Tree Vandalism

Trees are often the target of vandals


An email from Veronica G. in the United Kingdom:

Hello, I am writing you from UK - On the street where I live, vandals have removed the bark from the whole of a young sapling's trunk as far as they could reach. Does this mean the tree will die? Can I do anything to help this tree? Your advice would be appreciated. Regards, Veronica


In a later email, Veronica provided us with this photo

Vandals removed all the bark from this tree trunk
The tree trunk on the right had its bark completely removed by vandals. Remnants of the bark are seen lying at the tree's base. The tree appears to be in a row of Maples.

Tree bark is often the target of vandals

Unfortunately, trees are defenseless and can be an easy target for vandals. Whether the damage is caused by someone intending to kill a tree, or by lovers or taggers carving their initials into the bark, the end result can be the same.
   

Vandals have been carving their initials in this tree trunk for decades
The smooth bark on this old Beech tree in Pennsylvania makes an inviting target for vandals who like to carve their initials.

Sensitive layers of tissue lie just inside the outer bark of a tree. This area should be protected from wounding, since open areas of tissue provide an opening for pathogens and resulting tree diseases. Damage to the conductive tissues of the tree trunk also interferes with a tree's overall health, since it may limit water uptake or the movement of vital elements (like those from photosynthesis) back down to the roots.

 


Cross-section of a tree trunk

Cross-sectional view of a tree trunk and its layers of tissue

Cross section of a tree trunk showing the
xylem, cambium, phloem and outer bark


Here is our reply to Veronica regarding the tree in the top photo:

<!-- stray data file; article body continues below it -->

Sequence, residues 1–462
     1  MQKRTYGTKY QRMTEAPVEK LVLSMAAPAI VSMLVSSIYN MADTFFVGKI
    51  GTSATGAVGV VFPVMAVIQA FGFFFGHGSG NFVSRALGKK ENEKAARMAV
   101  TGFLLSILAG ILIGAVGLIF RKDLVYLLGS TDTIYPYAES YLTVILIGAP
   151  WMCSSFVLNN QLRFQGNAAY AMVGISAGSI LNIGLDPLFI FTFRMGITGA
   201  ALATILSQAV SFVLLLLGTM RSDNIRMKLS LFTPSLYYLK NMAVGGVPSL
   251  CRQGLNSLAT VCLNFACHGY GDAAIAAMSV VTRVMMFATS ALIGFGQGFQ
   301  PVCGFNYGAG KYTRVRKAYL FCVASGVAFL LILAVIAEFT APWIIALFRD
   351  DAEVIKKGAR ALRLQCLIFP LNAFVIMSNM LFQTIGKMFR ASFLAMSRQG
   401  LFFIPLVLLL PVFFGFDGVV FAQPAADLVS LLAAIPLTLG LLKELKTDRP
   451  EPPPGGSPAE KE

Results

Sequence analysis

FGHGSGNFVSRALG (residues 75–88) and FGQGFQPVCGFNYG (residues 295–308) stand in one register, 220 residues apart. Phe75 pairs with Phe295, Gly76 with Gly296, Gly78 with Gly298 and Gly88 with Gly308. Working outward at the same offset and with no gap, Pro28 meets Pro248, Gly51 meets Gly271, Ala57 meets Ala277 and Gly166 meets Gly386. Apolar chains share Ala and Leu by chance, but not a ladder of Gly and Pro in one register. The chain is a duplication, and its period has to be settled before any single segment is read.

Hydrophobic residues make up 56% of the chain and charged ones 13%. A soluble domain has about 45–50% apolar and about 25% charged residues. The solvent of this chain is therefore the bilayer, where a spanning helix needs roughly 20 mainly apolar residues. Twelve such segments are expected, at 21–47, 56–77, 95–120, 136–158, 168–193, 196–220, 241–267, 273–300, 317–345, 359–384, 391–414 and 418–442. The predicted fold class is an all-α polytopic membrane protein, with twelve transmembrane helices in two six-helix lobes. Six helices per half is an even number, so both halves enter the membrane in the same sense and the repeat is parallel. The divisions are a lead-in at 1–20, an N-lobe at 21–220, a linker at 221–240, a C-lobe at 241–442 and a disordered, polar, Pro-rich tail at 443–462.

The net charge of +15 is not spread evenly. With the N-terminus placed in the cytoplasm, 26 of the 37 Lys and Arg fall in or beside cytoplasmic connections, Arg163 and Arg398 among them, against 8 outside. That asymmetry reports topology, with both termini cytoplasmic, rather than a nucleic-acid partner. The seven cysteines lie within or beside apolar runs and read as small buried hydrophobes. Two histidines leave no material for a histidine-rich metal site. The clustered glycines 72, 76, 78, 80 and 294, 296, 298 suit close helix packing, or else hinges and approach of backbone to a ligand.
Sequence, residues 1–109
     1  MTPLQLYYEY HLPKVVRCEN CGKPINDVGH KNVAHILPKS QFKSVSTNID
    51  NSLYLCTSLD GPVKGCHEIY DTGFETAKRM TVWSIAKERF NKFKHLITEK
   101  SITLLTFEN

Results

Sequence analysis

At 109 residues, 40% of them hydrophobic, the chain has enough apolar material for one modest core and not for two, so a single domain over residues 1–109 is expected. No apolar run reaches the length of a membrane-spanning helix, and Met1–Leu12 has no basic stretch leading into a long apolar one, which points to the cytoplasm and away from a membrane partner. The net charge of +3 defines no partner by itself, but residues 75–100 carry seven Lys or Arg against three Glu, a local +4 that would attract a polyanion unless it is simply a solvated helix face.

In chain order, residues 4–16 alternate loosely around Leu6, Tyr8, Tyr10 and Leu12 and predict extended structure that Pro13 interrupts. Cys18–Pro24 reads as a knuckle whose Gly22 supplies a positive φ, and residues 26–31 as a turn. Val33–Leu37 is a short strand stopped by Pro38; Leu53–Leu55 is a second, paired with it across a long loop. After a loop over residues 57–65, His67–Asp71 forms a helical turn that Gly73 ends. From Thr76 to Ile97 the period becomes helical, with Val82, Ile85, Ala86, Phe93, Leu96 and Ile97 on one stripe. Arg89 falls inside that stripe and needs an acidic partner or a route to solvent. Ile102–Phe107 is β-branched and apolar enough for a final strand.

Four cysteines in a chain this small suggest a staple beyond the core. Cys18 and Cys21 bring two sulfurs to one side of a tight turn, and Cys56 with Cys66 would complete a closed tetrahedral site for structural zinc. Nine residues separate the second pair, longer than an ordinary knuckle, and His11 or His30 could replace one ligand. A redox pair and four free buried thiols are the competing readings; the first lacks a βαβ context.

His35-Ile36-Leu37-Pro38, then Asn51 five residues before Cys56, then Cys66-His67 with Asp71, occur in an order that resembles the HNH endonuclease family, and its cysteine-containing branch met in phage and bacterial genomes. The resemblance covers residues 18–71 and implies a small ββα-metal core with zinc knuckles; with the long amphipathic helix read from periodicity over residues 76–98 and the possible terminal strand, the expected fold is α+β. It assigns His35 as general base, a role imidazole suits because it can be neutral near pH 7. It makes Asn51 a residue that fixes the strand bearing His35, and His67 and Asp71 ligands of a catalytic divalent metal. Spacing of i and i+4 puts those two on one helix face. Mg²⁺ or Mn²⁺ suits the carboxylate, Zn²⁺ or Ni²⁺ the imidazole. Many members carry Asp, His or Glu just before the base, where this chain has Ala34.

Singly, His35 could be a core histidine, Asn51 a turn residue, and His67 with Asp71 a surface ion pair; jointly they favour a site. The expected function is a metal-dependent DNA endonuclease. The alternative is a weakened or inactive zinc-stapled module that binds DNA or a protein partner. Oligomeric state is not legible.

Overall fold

What a shame to see this type of vandalism, and you have to wonder when one of the other trees in that row might be next, and what you might do to protect them from the same fate. The vandal was certainly thorough! Those wrought iron "tree cages" help of course, but may not discourage the most determined vandal.
  
I don't offer much hope for the long term survival of the tree in your photo. The inner bark is known as the phloem, and I'm guessing it was stripped off along with the outer bark. Therefore, even though the tree may still be able to transport water upward to the top of the tree through the xylem (inner conductive tissues), it probably lacks the ability to transport nutrients and the products of photosynthesis back down to the roots, causing a slow death.
  
I couldn't see the canopy of the tree in the photo, and couldn't tell the current condition of the leaves. If the leaves are still healthy looking, and my analysis is correct, the tree may even live for several months before giving up the ghost, due to root problems.

TreeBoss


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